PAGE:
When you donate to OHA, you’re making an investment in our community’s future.

Contribute to our Annual Fund »
Your unrestricted contribution helps to keep our history museum free and supports educational programming and collections care.

Support Educational Programming »
Encourage a deeper appreciation of history among all ages.

Support Our Collections »
Help support our amazing collections, resources, and exhibits.

Donate to OHA

Make a Donation

Types of gifts you can make to OHA:

Support through cash and/or check shall be accepted regardless of their amount. All checks shall be made payable to the Onondaga Historical Association (OHA). Any checks made payable to an employee, agent or volunteer of the organization will not be accepted as a gift to the organization.

All securities that are traded on the New York and American Stock Exchanges, the NASDAQ, and other major U.S. Exchanges shall be accepted. The value of a gift of regularly traded securities will be the mean of the high and low of the stock(s) or bond(s) on the day the transfer is effected by the donor to the organization.

Cash bequests represent an important potential source of gifts. Direct, unencumbered bequests provide the OHA the full value of the bequest and provides the testator’s estate with a charitable deduction for the same value. Attempts shall be made to discover bequest plans whenever possible in order to determine whether inappropriate (non-cash) items have inadvertently been left to the organization so the donor can be advised how to conform his or her plans to fit OHA’s policy.

Ways a bequest can be made to OHA:

  • A fixed amount of cash or securities or a percentage of the estate can be given.
  • In a residual bequest, after other beneficiaries receive a designated portion of the estate, the remainder of the estate is left to the OHA.
  • A contingent bequest can be made in which the OHAwill receive a portion of the estate only if the named beneficiaries predecease the maker of the bequest. This form is often selected by those who must provide for younger family members.
  • A testamentary trust bequest creates a trust and the income or stated amount is paid to the beneficiaries. On their death, the OHA receives the use of the gift. This option may increase life income for beneficiaries, since it reduces the amount of the estate subject to estate taxes.

Charitable Remainder Trusts are separate legal entities, and their obligations are limited to their assets. Trusts file their own returns and make all payments from their assets and must have a federal trust number, making payments to beneficiaries under strictly hierarchical rules.

Life insurance may be given to the organization. OHA encourages donors to name the organization to receive all or a portion of the benefits of life insurance policies that they have purchased on their lives. New or existing policies may be given outright or the organization can be named the owner and beneficiary of an existing policy.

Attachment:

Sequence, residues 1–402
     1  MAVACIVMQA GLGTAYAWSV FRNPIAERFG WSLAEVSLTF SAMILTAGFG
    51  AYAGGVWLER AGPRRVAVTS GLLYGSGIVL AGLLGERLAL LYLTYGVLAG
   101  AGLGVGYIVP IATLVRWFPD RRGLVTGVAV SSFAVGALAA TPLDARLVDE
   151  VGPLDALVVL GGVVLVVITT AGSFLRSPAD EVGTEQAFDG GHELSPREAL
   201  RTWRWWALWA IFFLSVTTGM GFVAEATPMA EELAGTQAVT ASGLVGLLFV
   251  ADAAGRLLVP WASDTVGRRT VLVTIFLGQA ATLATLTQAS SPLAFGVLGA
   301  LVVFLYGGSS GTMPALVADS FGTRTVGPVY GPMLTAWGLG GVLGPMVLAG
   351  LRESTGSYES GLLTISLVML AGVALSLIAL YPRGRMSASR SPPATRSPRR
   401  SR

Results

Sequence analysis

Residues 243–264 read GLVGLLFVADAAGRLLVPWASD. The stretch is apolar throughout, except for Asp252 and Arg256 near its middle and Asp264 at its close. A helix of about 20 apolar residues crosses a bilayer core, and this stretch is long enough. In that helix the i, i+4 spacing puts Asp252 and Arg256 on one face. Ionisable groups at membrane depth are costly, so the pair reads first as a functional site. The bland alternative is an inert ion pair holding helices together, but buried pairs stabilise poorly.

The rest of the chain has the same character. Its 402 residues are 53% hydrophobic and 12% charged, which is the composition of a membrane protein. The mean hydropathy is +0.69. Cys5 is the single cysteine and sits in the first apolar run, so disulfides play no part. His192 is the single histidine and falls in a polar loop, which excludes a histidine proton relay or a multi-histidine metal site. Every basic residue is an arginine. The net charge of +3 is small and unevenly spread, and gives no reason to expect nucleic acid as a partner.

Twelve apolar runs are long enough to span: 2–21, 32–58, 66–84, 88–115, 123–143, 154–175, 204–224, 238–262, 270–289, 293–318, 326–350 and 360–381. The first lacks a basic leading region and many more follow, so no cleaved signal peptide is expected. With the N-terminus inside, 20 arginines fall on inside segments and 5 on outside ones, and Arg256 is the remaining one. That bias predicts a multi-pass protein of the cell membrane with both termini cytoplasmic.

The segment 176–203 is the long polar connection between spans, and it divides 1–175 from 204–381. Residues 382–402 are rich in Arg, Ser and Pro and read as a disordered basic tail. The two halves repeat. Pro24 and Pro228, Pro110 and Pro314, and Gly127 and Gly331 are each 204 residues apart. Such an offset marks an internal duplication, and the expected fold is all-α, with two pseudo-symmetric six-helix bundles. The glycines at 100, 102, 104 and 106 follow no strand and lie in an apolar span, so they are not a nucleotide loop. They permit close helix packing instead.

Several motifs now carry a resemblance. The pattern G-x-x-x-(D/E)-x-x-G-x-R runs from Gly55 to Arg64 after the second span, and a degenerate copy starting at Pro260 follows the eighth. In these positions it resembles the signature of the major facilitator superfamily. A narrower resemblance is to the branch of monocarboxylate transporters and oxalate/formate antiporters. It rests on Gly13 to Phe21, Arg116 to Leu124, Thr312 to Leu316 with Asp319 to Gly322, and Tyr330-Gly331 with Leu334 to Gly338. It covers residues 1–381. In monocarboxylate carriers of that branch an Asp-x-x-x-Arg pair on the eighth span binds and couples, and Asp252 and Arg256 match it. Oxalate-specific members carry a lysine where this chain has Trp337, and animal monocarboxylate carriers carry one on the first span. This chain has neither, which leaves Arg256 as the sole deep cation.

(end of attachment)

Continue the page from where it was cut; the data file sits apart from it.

OHA will accept fully-paid life insurance policies in which the donor has named the organization to receive all or a portion of the benefits of the insurance policy. The donor’s tax consequences hinge on whether the policy’s ownership has been endorsed over to the organization and whether the benefits have been irrevocably assigned to OHA.

A donor who irrevocably transfers life insurance to the OHA can claim income tax deductions for the policy’s cost basis or cash surrender value, whichever is less. The donor can never claim an income tax deduction or the policy’s face value. Naming the OHA as the beneficiary on the policy is not sufficient to generate an income tax deduction for the donor because the donor can change the beneficiary at a later date. To be entitled to a deduction, the donor must make the organization both beneficiary and owner of the policy. Upon receiving a paid-up policy, the organization, as owner, can surrender it and obtain the cash value or keep the policy until the death of the donor.

Donors can transfer their Required Minimum Distributions (RMD) directly to the OHA to reduce that adjusted gross income. This is beneficial to IRA owners over 70.5 that do not itemize deductions, thereby allowing donors to take advantage of a charitable contribution.

You are a part of our story and when you donate, you help maintain Onondaga Historical Association’s historic resources and public programming – bringing knowledge, inspiration, pride, and economic benefit to our community. Onondaga Historical Association is a 501(c)(3) non-profit organization. Contributions to OHA are tax deductible under section 170 of the Internal Revenue Tax Code.

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Partial funding for the Onondaga Historical Association comes from the County of Onondaga, the New York State Council on the Arts, the City of Syracuse, and the Onondaga Historical Association Board of Directors. The building of this website was made possible by the John Ben Snow Foundation.